• Coal Import 2008-09 2009-10 2010-11 2011-12 2012-13 Coking Coal 21.08 24.69 19.48 31.80 32.56 Non-coking Coal 37.92 48.56 49.43 71.05 105.00 Coke 1.88 2.35 1.49 2.36 3.07 Total Import 60.88 75.60 70.40 105.21 140.63 As per the present Import policy, coal can be freely imported under Open General License by the consumers themselves considering their needs based on their commercial prudence. Coking Coal is imported by Steel Authority of India Limited (SAIL) and other Steel manufacturing units mainly to bridge the gap between the requirement and indigenous availability and to improve the quality. Coat based power plants, cement plants, captive power plants, sponge iron plants, industrial consumers and coal traders import non-coking coal. Coke is imported mainly by Pig-Iron manufacturers and Iron & Steel sector consumers using mini-blast furnace. Country-wise Coal Imports In India, majority of coal is imported from Indonesia, Australia and South Africa. India is mainly dependent on Indonesia and South Africa for import of thermal coal and on Australia for coking coal. However, the new regulatory policies in these countries are increasing coal prices. This necessitates the requirement of intensive efforts in identifying new avenues for supply like Mozambique and others. Indonesia 56% Australia 21% South Africa 14% Others 9% 10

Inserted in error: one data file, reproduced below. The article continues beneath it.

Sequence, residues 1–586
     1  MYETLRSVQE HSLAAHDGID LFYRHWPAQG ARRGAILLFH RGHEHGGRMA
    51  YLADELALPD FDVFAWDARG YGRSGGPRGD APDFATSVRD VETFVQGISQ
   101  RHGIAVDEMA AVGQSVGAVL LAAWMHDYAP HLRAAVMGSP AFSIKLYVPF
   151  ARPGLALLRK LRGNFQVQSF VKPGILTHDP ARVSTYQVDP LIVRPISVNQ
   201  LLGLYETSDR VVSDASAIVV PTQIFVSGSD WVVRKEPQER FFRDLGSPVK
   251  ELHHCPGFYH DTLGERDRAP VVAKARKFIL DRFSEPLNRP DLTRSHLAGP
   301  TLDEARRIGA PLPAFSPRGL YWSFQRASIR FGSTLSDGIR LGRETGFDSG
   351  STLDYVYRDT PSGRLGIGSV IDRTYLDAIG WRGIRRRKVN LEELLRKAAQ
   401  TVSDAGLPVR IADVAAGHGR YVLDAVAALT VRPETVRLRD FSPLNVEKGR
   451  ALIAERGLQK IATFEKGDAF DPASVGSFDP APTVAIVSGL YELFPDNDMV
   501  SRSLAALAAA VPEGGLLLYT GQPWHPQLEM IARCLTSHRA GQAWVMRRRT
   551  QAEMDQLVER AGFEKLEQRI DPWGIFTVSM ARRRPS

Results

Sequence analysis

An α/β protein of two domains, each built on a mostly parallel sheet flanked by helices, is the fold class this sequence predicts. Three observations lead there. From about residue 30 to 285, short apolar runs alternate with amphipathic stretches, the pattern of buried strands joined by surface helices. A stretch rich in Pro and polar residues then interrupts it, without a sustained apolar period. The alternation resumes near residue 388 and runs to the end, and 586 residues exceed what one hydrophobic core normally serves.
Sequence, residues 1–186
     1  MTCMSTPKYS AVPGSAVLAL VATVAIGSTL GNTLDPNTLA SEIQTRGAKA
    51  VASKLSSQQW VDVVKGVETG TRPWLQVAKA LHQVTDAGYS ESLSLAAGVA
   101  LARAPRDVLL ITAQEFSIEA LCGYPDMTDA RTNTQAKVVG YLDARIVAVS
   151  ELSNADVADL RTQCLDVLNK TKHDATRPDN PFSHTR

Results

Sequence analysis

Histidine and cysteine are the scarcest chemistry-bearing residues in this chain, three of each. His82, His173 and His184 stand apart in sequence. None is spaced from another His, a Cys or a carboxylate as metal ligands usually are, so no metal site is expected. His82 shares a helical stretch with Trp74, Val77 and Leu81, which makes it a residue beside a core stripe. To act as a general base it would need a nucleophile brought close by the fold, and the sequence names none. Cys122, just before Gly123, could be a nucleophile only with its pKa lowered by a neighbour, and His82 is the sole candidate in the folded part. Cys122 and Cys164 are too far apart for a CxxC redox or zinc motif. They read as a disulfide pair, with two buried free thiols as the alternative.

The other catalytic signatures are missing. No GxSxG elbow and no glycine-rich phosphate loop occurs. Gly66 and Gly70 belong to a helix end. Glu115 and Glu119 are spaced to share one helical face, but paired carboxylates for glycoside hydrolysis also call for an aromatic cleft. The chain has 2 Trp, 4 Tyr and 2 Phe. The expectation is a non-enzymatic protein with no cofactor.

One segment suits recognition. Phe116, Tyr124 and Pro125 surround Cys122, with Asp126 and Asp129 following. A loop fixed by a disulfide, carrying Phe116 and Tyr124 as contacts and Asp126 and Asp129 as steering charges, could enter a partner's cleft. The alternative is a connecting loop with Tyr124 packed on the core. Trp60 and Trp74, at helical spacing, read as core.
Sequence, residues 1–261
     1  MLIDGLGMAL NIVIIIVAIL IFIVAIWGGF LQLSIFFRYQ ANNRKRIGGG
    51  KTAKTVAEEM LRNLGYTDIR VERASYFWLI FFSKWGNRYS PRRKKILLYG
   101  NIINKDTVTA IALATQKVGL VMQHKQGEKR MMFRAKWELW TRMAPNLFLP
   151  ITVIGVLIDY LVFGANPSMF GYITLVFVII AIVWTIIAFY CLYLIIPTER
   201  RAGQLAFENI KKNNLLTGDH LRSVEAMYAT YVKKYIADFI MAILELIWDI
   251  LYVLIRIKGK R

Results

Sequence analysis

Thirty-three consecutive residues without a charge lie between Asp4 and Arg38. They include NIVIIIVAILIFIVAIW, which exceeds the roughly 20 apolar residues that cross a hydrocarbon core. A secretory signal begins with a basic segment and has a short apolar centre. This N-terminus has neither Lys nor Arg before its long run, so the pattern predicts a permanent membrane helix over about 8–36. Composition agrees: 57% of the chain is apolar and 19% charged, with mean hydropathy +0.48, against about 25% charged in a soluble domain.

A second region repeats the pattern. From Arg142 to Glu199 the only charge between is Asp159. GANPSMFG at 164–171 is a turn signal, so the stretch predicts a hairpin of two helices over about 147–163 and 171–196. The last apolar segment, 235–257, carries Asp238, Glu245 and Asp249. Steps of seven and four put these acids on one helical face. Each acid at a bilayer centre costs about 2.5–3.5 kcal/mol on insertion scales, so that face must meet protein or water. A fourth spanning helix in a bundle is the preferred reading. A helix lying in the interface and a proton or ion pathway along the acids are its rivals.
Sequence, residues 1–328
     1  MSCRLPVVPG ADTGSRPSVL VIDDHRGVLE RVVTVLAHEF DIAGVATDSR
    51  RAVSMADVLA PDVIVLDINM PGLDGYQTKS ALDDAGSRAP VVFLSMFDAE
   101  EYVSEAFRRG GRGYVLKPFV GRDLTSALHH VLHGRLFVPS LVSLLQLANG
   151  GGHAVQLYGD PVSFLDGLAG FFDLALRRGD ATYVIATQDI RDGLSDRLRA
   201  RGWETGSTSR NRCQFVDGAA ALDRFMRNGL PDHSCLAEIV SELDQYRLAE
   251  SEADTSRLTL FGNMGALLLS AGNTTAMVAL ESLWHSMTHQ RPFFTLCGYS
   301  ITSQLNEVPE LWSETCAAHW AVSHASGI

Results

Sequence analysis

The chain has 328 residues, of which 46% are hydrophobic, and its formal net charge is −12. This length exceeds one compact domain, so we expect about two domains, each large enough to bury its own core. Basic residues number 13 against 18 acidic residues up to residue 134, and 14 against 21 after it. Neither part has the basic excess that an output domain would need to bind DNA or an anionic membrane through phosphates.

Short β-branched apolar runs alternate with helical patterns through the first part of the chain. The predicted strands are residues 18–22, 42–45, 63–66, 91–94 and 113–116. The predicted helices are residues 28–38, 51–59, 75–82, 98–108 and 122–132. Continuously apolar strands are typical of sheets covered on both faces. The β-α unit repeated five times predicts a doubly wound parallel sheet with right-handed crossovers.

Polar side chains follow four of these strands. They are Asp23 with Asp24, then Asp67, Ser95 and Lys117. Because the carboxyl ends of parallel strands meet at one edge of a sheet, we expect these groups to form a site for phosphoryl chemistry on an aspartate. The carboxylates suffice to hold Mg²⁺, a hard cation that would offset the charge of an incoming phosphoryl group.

• Coal Import Even some of the India’s large power producers have shown a greater tendency to rely on imported coal to an extent despite the fact that domestic coal blocks have been allotted to most of their projects. Presently, India ranks fourth in the coal import demand, being led by Japan. Import of coal in India started in 1980-81 when only 0.55 MT was imported. India is not able to meet its coal demand and import of coal from other countries has become inevitable. Although India has the fifth largest reserves of coal in the world, it is not able to meet its domestic demand. Since FY2009 to FY2013, India’s coal import has grown at a CAGR of 25.38%. 59.003 73.255 68.918 102.850 145.8 0 20 40 60 80 100 120 140 160 2008-09 2009-10 2010-11 2011-12 2012-13 MT Gross Coal Imports 11
    • Coal Consumption in India Power 71% Iron & Steel 11% Cement 4% Others 14% Sector-wise Coal Consumption Power generation is the largest consumer of coal in India, followed by iron & steel and cement. 12
    • 13 Premium Knowledge Base Focused Research Industry Reports Digital Marketing Info+ Knowledge Base  Easy annual subscription  Free registration & community  Instant & unrestricted access  Statistics, data sheets, dashboards, reports, policy documents and much more…  100% Money Back Guarantee Research & Consulting  Market & business research  Industry strategic analysis  Customized data, reports & analysis  Just ask us your queries! Industry Reports  In-depth understanding  Ongoing trends  Unlock opportunities  Updated data & stats Advertisements  Promote your events  Increase your brand awareness  Write guest articles  Your ad in website, newsletter and email Information Advantage  Industry news updates  FREE monthly newsletters  Company & projects tracking Information Solutions
    • Information is the key to success Phone: +91-95603-66515 E-Mail: mail@energysector.in Rewave Infra Solutions 133-D, Mayur Vihar Phase - II Delhi – 110 091 (India) 14